Rheinisches Bildarchiv Köln
The Rheinisches Bildarchiv has been producing, collecting, preserving and promoting photographs in a wide variety of formats since it was founded in 1926. It is one of the largest art-historical photo archives in Germany and is unique as local authority institution. The RBA develops analogue and digital presentation strategies and cooperates with Cologne's museums and cultural institutions, many other image archives and the independent scene.
© Rheinisches Bildarchiv Köln, Michael Albers, rba_d056253_39, Waechter + Waechter Architekten BDA
Since 2010, the archive's holdings have increased fivefold. It now comprises around 5.5 million photographic images in many formats from 35mm to the largest glass negative (70x90 centimetres) and materials: glass and film negatives, slides in 35mm and medium format, positive prints and over 800,000 digital images. Currently, around 120 unique photographers' holdings have been identified, such as those of the well-known Cologne photographers August Sander, Karl Hugo Schmölz, August Kreyenkamp and Chargesheimer. The RBA owes the enormous increase in the number of holdings to the approximately 4 million negatives and slides from the analogue KölnMesse image archive with their great significance for the history of photography and culture in Cologne: among them all the photo documentations of Photokina, Art Cologne and the predecessor art fairs as well as all the other sections of the Cologne fairs.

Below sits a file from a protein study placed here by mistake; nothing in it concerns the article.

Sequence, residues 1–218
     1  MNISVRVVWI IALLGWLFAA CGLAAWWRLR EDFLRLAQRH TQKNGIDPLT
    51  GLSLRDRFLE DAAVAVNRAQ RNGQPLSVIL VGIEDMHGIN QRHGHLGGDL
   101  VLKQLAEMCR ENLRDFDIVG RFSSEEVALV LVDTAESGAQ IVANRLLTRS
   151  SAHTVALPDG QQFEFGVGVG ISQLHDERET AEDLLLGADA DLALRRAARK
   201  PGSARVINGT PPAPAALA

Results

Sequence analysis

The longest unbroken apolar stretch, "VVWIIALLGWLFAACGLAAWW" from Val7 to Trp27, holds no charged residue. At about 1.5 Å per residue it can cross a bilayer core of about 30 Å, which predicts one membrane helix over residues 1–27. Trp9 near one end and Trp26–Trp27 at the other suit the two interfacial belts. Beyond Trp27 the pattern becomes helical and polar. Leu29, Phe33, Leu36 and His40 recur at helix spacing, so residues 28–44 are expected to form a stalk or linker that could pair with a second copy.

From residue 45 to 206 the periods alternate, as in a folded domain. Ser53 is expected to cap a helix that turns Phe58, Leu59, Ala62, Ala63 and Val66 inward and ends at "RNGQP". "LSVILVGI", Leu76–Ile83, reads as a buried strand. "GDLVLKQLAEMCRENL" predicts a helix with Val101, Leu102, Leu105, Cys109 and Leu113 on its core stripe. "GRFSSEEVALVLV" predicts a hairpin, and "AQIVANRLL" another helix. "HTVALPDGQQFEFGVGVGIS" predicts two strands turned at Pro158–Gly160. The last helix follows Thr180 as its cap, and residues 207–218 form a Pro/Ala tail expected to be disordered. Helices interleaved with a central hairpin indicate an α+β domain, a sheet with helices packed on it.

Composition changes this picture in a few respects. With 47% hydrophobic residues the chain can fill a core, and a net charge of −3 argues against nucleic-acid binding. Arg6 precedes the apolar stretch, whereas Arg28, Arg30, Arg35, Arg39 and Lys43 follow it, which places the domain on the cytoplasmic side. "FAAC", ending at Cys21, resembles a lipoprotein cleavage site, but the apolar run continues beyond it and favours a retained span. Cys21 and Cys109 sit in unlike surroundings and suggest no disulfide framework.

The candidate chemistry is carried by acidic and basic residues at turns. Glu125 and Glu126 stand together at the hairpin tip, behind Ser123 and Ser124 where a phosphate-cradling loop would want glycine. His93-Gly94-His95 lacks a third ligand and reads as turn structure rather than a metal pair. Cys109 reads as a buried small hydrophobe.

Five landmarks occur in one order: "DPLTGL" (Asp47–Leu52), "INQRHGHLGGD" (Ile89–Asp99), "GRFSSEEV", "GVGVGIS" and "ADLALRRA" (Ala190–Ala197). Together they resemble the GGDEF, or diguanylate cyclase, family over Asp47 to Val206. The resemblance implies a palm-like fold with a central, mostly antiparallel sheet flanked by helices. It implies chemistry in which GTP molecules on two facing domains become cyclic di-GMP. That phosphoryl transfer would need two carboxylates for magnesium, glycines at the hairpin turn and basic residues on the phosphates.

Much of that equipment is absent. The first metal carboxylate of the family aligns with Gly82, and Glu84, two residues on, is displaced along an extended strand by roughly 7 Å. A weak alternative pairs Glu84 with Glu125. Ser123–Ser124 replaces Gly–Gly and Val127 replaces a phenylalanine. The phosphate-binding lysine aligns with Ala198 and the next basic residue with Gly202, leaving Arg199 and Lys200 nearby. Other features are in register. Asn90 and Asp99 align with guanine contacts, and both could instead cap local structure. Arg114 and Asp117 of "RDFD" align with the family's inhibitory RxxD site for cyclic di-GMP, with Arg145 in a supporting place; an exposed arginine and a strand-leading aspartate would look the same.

The RBA's own photographers have been taking photographs for the city of Cologne since 1926. The RBA thus produces a considerable part of its archive stock itself. In this way, it differs significantly from archives that merely "record" passively, which are classically covered by archive regulations. The RBA works more like a photo agency and provides a comparable photo distribution service, but has non-profit status and thus a public educational mandate. Since 2012, the main instrument for international photo distribution and image provision has been the image database www.kulturelles-erbe-koeln.de (KEK).
In 2021, the Rheinisches Bildarchiv moved together with the Historical Archive into the new building at the Eifelwall. In 2022/2023, it takes part in the Artist Meets Archive Programme of the Internationale Photoszene for the third time and provides Lilly Lulay with the estate of the Cologne (stereo) photographer Karl-Heinz Hatlé. The estate was donated to the Rheinisches Bildarchivby the Cologne Gymnasium and Foundation Fund in 2008. Together with students from the Holweide Gesamtschule, Lulay will realise the first AMA jr. issue.